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Boris Johnson is the current Prime Minister of the United Kingdom who assumed office on July 24, 2019. Before becoming the Prime Minister, he was a journalist, a Member of the Parliament, and Mayor of London.
See the fact file below for more information on Boris Johnson or alternatively, you can download our 28-page Boris Johnson worksheet pack to utilise within the classroom or home environment.
Key Facts & Information
Early Life and Education
- Alexander Boris de Pfeffel Johnson, or Boris Johnson, was born on June 19, 1964 in the Upper East Side of Manhattan, New York City. He is the son of Stanley Johnson, a former member of the European Parliament and descended from Turkish ancestry, and Charlotte Maria Offow Johnson, a renowned British artist.
- Boris has two younger brothers, Leo and Jo, and a sister, Rachel. Johnson grew up in New York City, London, and Brussels.
- As a child, Johnson was primarily raised by his mother as his father was regularly absent. He was quiet, studious, and grew up with his siblings as his constant companions. Johnson also had deafness, resulting in several operations to insert grommets into his ears.
- He attended Ashdown House, a preparatory boarding school in England, and won a scholarship to Eton College. He later studied classics at Balliol College, Oxford, while he was the president of the Oxford Union. He was awarded an upper second-class degree in 1987.
- After graduating, Johnson worked as a management consultant for a brief period before pursuing a career in journalism.
- He began as a reporter at The Times in 1987 but was fired for inventing a quote by historian Colin Lucas.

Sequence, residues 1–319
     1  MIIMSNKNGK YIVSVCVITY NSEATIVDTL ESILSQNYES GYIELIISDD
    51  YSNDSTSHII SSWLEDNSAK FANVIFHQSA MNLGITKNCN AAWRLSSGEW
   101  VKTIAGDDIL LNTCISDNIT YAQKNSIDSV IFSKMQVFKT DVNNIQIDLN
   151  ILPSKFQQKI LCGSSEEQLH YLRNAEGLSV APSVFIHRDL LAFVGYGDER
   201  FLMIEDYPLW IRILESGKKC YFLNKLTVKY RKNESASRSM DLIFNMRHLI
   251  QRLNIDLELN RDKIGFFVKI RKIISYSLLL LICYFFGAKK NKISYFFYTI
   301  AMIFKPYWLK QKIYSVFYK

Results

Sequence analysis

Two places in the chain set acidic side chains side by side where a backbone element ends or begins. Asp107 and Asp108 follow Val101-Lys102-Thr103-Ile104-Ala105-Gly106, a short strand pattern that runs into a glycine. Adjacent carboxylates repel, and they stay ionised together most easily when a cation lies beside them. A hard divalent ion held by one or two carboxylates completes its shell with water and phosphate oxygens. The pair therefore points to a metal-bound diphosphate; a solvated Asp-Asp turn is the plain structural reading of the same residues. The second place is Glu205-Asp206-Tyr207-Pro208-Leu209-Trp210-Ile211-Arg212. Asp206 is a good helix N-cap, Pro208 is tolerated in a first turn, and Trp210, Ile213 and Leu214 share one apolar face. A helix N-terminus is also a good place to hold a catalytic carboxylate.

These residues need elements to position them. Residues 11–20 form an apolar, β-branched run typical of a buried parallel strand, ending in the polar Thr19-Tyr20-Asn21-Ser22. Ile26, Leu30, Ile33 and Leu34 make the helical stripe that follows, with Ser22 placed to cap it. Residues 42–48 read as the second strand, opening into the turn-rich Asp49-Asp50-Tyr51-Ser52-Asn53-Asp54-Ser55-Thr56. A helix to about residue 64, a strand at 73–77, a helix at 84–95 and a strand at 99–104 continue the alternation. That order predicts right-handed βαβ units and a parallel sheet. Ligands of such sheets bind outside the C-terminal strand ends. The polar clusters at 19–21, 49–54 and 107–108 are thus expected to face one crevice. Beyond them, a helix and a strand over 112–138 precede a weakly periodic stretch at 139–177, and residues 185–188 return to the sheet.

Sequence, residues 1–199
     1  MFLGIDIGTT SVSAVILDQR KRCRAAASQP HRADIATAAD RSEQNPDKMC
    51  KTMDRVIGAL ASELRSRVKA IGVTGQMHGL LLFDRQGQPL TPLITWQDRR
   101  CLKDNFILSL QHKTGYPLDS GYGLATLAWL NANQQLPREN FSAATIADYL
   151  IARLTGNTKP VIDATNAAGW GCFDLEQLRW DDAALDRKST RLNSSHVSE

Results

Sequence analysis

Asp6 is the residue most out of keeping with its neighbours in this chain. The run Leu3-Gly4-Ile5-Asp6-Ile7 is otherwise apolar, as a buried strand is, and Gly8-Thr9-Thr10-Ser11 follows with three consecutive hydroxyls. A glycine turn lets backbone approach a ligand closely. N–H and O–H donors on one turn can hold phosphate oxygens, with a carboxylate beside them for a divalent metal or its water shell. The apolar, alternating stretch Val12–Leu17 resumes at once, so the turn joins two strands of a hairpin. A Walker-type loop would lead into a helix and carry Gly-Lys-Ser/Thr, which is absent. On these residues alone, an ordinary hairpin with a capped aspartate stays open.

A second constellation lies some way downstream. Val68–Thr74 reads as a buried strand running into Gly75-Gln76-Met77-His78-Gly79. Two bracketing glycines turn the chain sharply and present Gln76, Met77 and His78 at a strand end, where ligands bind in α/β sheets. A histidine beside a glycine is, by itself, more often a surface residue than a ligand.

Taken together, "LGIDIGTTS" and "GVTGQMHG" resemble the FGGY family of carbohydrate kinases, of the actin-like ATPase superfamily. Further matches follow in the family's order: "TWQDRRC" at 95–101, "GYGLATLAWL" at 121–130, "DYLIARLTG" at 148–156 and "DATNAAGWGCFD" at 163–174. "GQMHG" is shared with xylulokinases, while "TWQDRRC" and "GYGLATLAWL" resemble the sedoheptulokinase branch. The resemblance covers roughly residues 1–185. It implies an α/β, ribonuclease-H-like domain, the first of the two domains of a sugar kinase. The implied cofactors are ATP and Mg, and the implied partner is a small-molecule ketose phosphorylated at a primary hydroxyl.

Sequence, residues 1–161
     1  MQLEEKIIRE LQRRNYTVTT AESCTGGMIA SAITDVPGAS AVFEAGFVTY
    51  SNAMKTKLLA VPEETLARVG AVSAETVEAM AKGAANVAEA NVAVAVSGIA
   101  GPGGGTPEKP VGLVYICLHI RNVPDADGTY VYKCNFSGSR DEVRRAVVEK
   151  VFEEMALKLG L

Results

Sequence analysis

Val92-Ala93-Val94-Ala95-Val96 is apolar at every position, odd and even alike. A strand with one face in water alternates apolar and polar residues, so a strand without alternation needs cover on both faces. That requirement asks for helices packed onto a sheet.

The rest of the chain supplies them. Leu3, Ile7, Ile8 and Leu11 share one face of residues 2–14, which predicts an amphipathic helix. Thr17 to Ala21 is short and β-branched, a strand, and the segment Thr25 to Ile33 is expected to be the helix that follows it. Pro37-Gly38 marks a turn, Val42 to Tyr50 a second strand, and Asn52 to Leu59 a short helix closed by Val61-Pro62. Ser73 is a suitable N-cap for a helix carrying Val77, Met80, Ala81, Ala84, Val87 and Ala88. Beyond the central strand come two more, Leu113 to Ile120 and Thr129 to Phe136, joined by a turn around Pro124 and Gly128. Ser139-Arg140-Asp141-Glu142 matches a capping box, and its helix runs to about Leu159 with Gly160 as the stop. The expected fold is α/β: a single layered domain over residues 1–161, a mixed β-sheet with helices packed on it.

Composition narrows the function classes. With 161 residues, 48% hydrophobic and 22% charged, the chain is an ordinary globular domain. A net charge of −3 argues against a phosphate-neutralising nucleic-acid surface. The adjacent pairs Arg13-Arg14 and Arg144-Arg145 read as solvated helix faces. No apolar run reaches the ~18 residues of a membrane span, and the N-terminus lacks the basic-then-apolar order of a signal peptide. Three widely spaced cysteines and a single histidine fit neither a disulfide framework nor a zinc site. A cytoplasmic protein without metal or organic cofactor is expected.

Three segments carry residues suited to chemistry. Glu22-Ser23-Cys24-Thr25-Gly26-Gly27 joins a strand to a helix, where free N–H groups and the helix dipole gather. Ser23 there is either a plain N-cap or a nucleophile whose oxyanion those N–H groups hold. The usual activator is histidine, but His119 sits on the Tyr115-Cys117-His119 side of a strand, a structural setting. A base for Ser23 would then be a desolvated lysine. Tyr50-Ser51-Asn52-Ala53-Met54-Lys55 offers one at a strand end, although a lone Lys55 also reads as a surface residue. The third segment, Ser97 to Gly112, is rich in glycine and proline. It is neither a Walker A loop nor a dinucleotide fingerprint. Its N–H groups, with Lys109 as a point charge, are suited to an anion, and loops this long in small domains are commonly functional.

- The struggling reporter moved to Daily Telegraph to be its assistant editor, having met its editor, Max Hastings, during his presidency at Oxford Union. In 1997, he transferred to The Spectator and became its editor from 1999 until 2005.
- Johnson’s first attempt to enter politics was in 1997 when he was selected as the conservative candidate for Clwyd South in the House of Commons. However, he lost to the Labour Party incumbent, Martyn Jones.
- After his defeat, he became more visible in television shows, appearing in the BBC talk program Have I Got News for You. Outspoken, boyish, and sometimes controversial, he became a favorite on British talk shows.
- He was invited to stand for Parliament in 2001 for Henley-on-Thames and won against Michael Heseltine.
- The new MP became one of the country’s most recognized politicians as he continues to frequently appear on British TV shows and be an editor of the Spectator
- However, not everything he did became popular with the audience. He was once forced to apologize to Liverpool due to an insensitive editorial in The Spectator.
- In 2004, allegations of an extramarital affair between Johnson and a journalist surfaced, resulting in his dismissal as shadow arts minister. Despite these public rebukes, he was re-elected to his parliamentary position in 2005.
Mayor of London
- In July 2007, he entered into the mayoral race against Labour incumbent Ken Livingstone. This time, he proved to his people that he was a substantial politician by focusing on issues of crime and transportation.